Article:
A new Iowa poll shows Kentucky Senator Rand Paul in the middle of the pack of possible Republican contenders for the White House in 2016. 

The Courier-Journal cites a poll by Gravis Marketing that shows former GOP presidential nominee Mitt Romney in front with 21 percent support.  Former Florida Governor Jeb Bush comes in second in the poll with 14 percent approval.  Next are Wisconsin Governor Scott Walker and former Arkansas Governor Mike Huckabee with ten and nine percent support, respectively. 

Senator Rand Paul was favored by eight percent Iowa Republicans who were surveyed.  Behind Paul were Ted Cruz, Paul Ryan, Chris Christie, and Marco Rubio. 

The poll was conducted January 5-7 and questioned 404 registered GOP voters.  The margin of error is plus or minus three percentage points. 

Senator Paul has made several trips to Iowa while exploring a run for president.  He continues visiting other early-voting states.  This week, the Bowling Green Republican visited New Hampshire.

Two Elizabethtown cancer doctors are being sued for allegedly extending chemotherapy treatments in order to make more money.

Six former patients and the estates representing two other patients are suing Doctors Yusef Deshmukh and Rafiq Rahman, accusing the two of diluting the drugs used to treat their cancers, so that the treatment period would be made longer. The Courier-Journal reports the alleged actions by the doctors between 2006 and 2014 allowed them to improperly bill Medicaid and other programs for reimbursements.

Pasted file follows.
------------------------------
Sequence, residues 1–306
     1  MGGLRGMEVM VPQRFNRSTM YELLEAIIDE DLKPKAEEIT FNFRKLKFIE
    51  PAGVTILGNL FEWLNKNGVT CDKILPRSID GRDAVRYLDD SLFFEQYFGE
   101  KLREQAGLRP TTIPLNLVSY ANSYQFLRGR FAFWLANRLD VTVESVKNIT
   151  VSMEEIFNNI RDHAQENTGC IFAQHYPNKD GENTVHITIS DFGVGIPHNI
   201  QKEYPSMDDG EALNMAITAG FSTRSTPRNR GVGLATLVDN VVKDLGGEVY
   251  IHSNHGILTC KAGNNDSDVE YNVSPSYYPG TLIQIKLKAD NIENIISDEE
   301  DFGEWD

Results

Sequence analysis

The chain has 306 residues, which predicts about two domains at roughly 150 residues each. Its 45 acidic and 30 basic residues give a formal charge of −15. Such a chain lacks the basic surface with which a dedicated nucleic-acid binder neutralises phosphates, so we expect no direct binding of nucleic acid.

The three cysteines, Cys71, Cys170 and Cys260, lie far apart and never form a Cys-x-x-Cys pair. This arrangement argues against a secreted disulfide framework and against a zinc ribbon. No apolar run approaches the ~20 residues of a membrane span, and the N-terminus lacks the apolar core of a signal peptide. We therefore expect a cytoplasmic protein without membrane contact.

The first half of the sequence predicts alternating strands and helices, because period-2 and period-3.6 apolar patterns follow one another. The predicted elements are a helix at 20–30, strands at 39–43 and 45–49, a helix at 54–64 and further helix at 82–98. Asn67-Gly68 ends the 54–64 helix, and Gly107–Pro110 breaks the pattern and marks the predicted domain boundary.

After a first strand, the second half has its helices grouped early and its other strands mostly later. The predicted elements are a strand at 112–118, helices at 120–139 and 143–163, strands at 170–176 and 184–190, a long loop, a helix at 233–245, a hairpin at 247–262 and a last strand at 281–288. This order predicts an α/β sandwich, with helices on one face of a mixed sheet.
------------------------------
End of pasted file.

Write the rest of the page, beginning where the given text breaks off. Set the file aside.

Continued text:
Deshmukh and Rahman are already under investigation by the Kentucky Board of Medical Licensure related to the allegations.

The suit asks for unspecified damages and says the patients were made to unnecessarily retain catheters and ports inside their bodies.

The defendants have not yet filed a legal response to the suit. Meanwhile, the doctors accused in the suit are allowed to continue their practice, and their clinic remains open.

Although the numbers are expected to change slightly over the next few months, the board agreed to cut 50 jobs and slice teachers' pay by 9.8%.

According to WBKO-TV, an estimated 500 people jammed into Muhlenberg County High School's auditorium Monday night, mostly teachers and their families opposed to the cuts. Both in their comments and on printed signs, members of the public said the cuts would lead to increased class sizes within the district and impact learning.

Eighteen year old freshman Collin Craig filed a report with Bowling Green city police claiming he was assaulted and forced to drink alcohol during several different hazing incidents.

Bowling Green police spokesman Ronnie Ward confirmed to the Daily News that they are investigating the allegations with WKU's cooperation. WKU is conducting an investigation of its own. The university has a hazing policy in place which expressly prohibits it in all forms.

Craig, who is no longer a student at WKU, was a biology major with plans to attend medical school.


WKU is removing the “interim” label from the title of its Kentucky Museum Director.

Brent Bjorkman hasbeen named the museum’s director after serving as the interim leader since August. The Folk Studies Professor also serves as Director of the Kentucky Folklife Program.

In announcing the decision, WKU Provost Gordon Emslie said in a statement that Bjorkman displayed the ability to lead the Kentucky Museum towards its goal of achieving accreditation with the American Alliance of Museums.

The Kentucky Museum houses permanent and traveling art exhibits as well as historical documents from across the region.